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A prattling boy, some four years old,
'Mamma, now you must love me more,
For little sister's dead;
And t'other sister died before,
'Mamma, what made sweet sister die? She loved me when we played: You told me, if I would not cry, You'd show me where she's laid.'
"Tis here, my child, that sister lies,
'Mamma, why cant we take her up,
I'll feed her from my little cup,
'For sister 'll be afraid to lie
In this dark grave to-night, And she'll be very cold, and cry Because there is no light.'
No, sister is not cold, my child,
As He look'd down from Heaven and smil'd,
And then her spirit quickly fled
To God by whom 'twas given; Her body in the ground is dead, But sister lives in Heaven.'
Mamma, wont she be hungry there,
And who will give her clothes to wear,
'Papa must go and carry some,
And he must bring sweet sister home,
'No, my dear child, that cannot be ;
'LET LITTLE CHILDREN COME TO ME,'
And God will give her bread.'
THE SNOW STORM.
THE cold winds swept the mountain's height,
And mid the cheerless hours of night
A mother wander'd with her child: (k) As through the drifting snow she press'd, The babe was sleeping on her breast.
And colder still the winds did blow,
And darker hours of night came on,
And deeper grew the drifting snow:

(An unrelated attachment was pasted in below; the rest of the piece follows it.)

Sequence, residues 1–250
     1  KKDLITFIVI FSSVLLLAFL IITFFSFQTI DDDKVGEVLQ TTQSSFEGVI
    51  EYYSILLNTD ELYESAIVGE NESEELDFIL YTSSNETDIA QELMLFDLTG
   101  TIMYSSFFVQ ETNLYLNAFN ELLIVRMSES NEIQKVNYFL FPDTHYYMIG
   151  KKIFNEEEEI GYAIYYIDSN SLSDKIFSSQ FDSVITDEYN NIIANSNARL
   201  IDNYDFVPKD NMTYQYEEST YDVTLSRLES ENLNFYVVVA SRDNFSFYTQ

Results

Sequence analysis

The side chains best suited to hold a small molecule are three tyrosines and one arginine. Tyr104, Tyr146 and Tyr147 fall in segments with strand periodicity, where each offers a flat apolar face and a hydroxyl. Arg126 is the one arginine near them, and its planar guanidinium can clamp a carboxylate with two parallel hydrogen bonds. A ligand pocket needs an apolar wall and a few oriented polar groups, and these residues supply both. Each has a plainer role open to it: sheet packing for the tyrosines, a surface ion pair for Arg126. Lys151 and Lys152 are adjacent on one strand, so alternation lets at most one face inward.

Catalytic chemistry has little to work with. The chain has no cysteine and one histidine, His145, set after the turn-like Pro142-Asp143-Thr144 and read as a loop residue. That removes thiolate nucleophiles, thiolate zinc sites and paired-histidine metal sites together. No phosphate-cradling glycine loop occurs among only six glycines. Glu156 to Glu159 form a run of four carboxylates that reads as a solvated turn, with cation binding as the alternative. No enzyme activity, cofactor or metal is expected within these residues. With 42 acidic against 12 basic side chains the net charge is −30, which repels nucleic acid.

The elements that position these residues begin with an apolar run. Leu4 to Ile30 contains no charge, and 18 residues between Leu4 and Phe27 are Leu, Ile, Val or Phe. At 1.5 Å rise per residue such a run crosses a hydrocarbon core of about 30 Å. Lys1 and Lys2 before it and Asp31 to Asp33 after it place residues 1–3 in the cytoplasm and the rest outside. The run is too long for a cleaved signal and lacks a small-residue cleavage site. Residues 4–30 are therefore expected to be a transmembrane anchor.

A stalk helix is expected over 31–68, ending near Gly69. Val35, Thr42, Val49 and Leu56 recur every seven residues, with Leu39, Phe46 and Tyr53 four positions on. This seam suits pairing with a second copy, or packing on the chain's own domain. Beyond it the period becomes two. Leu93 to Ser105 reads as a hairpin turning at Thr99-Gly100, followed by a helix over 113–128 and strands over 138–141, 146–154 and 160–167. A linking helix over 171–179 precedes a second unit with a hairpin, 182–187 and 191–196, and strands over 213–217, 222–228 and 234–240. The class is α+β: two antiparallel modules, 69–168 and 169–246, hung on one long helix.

Her limbs were chill'd, her strength was gone;
'O GOD!' she cried, in accents wild,
If I must perish, save my child!'
She stripp'd her mantle from her breast,
And smil'd to think her babe was warm.
With one cold kiss, one tear she shed,
At dawn a traveller pass'd by,
And saw her 'neath a snowy veil;
The frost of death was in her eye,
Her cheek was cold, and hard, and pale;
He moved the robe from off the child,
THE POOL OF BETHESDA.
UNTO the holy city came
Judea's hapless sons and daughters, The paralytic, blind and lame,
To seek Bethesda's healing waters The Angel o'er the fountain mov'd With kindly power from day to day; And he that first its virtues prov'd,
Was heal'd, and forthwith went his way.
Amid the throng who waited there,-
A patient Hebrew many a year
Had watch'd the troubled waters. And often at the healing hour
He feebly toward the fountain bore him,
But all too late to feel its power,
For one had always stepp'd before him.
A stranger came and look'd awhile
Hebrew, arise and go thy way!'
As forth into the world that hour,
With footsteps light, the Hebrew trod, 'I've felt,' he cried, the Almighty's power, I've heard the voice of God.'
YOUTH AND OLD AGE.
OLD age came down the steep of years,
With tottering steps he feebly trod,
He met with youth ascending.
Ah, whither dost thou bend thy course?'
Said he whose head was hoary –
'I go,' said youth, to yonder heighth, Where through long vistas, glancing bright Are Honor, Wealth, and Glory.
Be not deceived,' old age replied,
In vain will be thy toiling;
I long have chased those beaming joys,
Youth raised his eyes and look'd ahead;
'I must go on, prevent me not,
That promiseth delight.'
With joyous bound, he onward went,
And, hope still sparkling in his eyes,
And struggles up the steep.